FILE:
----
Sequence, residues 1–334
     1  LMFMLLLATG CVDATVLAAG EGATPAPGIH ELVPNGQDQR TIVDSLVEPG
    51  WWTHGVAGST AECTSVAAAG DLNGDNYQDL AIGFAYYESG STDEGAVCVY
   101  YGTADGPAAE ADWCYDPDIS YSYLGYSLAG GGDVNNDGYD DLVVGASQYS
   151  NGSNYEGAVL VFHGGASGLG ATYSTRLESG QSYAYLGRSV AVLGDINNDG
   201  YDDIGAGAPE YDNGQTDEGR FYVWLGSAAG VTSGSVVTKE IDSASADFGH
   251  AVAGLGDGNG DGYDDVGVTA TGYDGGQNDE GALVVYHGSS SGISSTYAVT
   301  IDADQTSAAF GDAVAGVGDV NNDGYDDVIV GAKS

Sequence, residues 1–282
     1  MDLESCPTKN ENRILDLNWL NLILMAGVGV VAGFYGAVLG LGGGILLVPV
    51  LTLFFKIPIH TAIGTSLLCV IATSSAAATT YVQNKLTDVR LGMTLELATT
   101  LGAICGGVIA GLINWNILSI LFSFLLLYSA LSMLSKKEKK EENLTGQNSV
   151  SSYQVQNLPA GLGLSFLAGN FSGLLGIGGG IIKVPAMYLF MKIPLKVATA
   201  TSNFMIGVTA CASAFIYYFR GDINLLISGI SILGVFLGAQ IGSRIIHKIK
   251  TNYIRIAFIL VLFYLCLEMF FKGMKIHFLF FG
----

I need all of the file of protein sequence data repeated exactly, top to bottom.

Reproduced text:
Sequence, residues 1–334
     1  LMFMLLLATG CVDATVLAAG EGATPAPGIH ELVPNGQDQR TIVDSLVEPG
    51  WWTHGVAGST AECTSVAAAG DLNGDNYQDL AIGFAYYESG STDEGAVCVY
   101  YGTADGPAAE ADWCYDPDIS YSYLGYSLAG GGDVNNDGYD DLVVGASQYS
   151  NGSNYEGAVL VFHGGASGLG ATYSTRLESG QSYAYLGRSV AVLGDINNDG
   201  YDDIGAGAPE YDNGQTDEGR FYVWLGSAAG VTSGSVVTKE IDSASADFGH
   251  AVAGLGDGNG DGYDDVGVTA TGYDGGQNDE GALVVYHGSS SGISSTYAVT
   301  IDADQTSAAF GDAVAGVGDV NNDGYDDVIV GAKS

Sequence, residues 1–282
     1  MDLESCPTKN ENRILDLNWL NLILMAGVGV VAGFYGAVLG LGGGILLVPV
    51  LTLFFKIPIH TAIGTSLLCV IATSSAAATT YVQNKLTDVR LGMTLELATT
   101  LGAICGGVIA GLINWNILSI LFSFLLLYSA LSMLSKKEKK EENLTGQNSV
   151  SSYQVQNLPA GLGLSFLAGN FSGLLGIGGG IIKVPAMYLF MKIPLKVATA
   201  TSNFMIGVTA CASAFIYYFR GDINLLISGI SILGVFLGAQ IGSRIIHKIK
   251  TNYIRIAFIL VLFYLCLEMF FKGMKIHFLF FG